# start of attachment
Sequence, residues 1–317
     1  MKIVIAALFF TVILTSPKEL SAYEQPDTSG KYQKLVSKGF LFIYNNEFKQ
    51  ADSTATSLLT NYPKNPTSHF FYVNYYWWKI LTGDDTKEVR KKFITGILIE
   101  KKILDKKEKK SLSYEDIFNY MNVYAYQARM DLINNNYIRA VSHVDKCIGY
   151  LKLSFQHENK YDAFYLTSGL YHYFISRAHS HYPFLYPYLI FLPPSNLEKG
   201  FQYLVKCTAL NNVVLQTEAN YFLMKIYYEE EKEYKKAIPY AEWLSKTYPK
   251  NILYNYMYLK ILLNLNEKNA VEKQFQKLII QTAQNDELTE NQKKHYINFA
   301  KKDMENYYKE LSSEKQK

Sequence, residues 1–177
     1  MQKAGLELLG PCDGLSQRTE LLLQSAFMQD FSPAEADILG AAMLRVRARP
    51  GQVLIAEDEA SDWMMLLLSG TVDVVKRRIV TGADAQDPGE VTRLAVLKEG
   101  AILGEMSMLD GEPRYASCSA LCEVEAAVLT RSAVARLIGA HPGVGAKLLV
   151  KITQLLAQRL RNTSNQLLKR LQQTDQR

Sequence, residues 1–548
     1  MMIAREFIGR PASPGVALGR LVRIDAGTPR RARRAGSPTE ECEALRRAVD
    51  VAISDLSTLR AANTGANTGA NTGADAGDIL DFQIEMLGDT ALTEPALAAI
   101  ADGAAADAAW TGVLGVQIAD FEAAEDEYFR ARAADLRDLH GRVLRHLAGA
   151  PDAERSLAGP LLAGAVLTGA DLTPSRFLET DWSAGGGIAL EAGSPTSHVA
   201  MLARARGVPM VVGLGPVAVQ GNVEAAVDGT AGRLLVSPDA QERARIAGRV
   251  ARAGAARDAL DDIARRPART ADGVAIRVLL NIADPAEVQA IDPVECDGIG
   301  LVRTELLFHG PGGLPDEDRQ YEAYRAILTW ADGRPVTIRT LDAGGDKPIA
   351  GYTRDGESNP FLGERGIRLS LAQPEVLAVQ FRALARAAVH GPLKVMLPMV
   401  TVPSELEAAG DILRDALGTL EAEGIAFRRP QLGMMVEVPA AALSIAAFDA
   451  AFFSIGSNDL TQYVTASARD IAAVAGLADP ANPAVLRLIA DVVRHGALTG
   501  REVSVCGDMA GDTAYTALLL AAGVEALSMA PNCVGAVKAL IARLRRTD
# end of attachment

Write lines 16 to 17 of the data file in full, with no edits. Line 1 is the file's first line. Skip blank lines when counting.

    51  VAISDLSTLR AANTGANTGA NTGADAGDIL DFQIEMLGDT ALTEPALAAI
   101  ADGAAADAAW TGVLGVQIAD FEAAEDEYFR ARAADLRDLH GRVLRHLAGA